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www.corpun.com   :  Archive   :  Up to 1975   :  NZ Judicial Jul 1876

-- THE ARCHIVE --


NEW ZEALAND
Judicial CP - July 1876



Corpun file 23350

The Star, Christchurch, 17 July 1876, p.2

Christchurch.

This Day (Before G.L. Mellish, Esq., R.M.)

A Nice Trio.


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Edward Donnelly, Isaac Pearson, and J. H. Falloon, three boys from about ten to twelve years of age, were brought up, charged with having broken into Mr Sisson's coal office, near the railway station, and stealing money therefrom. The evidence went to show that the three prisoners were seen near Mr Sisson's shop on Friday night, and that next morning it was found the door had been broken open, and ten penny pieces -- the only money in the office -- taken away. When arrested by Detective Kirby, the prisoners admitted the charge, and said they had spent the money.

Pearson's father and Falloon's mother, who were in Court, said their boys were generally well conducted, but had been led astray by elder boys. Donnelly, the youngest of the trio, was ordered to be imprisoned twenty four hours, and to be whipped; the other two were ordered to be imprisoned for seven days, and also to be whipped.


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A second charge was then preferred against Donnelly and Falloon, of having stolen three boxes, containing between 4 and 5, from Mrs Cook's shop, Tuam street west. On the application of Inspector Feast, the charge against Donnelly was withdrawn, in order that he might be called as a witness against Falloon. From the evidence it appeared that, on Tuesday evening last Donnelly and Falloon were together in Tuam street, that Falloon watched Mrs Cook go into her back room, then went into the shop and took the boxes containing the money, and ran away. Subsequently, Falloon and Donnelly went "on a spree" to Timaru, and did not return till the money was expended. When Falloon was arrested, he admitted the offence.

His Worship ordered Falloon to be whipped, and imprisoned for fourteen days, this sentence to date from the expiration of the preceding one.



Corpun file 23351

The Star, Christchurch, 18 July 1876, p.2

Flogging in the Gaol.


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The three boys who were yesterday sentenced at the Magistrate's Court to a flogging and a term of imprisonment for larceny from a shop, received the first-named portion of their punishment at the Gaol this morning, one of the warders officiating on the occasion.

A bran [sic] new triangle and two maiden cats having been provided, and the surgeon being in attendance, the boy Donnelly was first called upon. Not comprehending exactly the nature of the entertainment, he stepped boldly to the triangle, and was duly triced up. The first stroke elicited a yell of pain, and each succeeding sweep of the cat produced similar, but rather more emphatic exclamations. When the dozen was complete his back presented a most uninviting appearance, every tail of the cat having inscribed its mark, and he was quite undeceived as to there being any species of joke in the matter.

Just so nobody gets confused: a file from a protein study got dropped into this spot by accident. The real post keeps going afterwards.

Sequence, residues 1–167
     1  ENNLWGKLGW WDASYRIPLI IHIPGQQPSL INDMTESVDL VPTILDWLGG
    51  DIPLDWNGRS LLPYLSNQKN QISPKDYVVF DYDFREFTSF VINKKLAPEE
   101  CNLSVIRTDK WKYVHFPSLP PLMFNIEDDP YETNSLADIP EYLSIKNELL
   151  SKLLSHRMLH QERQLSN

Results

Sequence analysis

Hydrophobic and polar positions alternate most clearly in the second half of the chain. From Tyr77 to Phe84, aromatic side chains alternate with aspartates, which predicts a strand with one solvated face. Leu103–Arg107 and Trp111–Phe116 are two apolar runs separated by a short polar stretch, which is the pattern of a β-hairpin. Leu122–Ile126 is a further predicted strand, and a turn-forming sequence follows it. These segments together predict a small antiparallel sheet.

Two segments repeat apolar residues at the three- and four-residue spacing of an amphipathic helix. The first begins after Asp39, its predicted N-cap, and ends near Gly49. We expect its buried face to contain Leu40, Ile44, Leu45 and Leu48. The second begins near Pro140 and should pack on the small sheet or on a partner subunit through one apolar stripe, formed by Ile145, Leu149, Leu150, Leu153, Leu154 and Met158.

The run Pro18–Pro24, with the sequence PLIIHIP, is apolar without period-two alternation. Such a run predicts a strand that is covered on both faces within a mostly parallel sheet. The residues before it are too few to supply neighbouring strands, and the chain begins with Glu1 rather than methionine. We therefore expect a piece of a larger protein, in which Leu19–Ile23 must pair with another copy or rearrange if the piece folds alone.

He was succeeded by Pearson, who had previously been watching the proceedings with lachrymose interest. The yells of this boy were, if possible, louder than those of Donnelly, although the instrument employed was lighter, the boy appearing rather more delicate.

Last came the ringleader, Falloon, to whom a double dose had been awarded. He stepped shuddering to the triangle, and even before the first lash fell did his utmost to alarm the neighbourhood, but writhings and shrieks were futile. A short pause, however, was allowed by the doctor, who was present during the whole of the punishment, to give the patient some water, but as it was found that he was still capable of enduring the remainder of his sentence, the full amount of strokes were duly delivered.


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Although the punishment was undoubtedly extremely severe, nevertheless due precautions were taken to prevent any injury to the health of the boys, and, when the number of larcenies by boys in and about the City, and the ineffectuality of the means hitherto adopted for their suppression are remembered, it cannot be denied that the severe course taken in this -- which was an unusually aggravated case -- was fully justified. To the boys of Christchurch, who may be similarly inclined, we would recommend that they should not take it for granted that the training ship or industrial school will in future be the reward of their dishonest industry.

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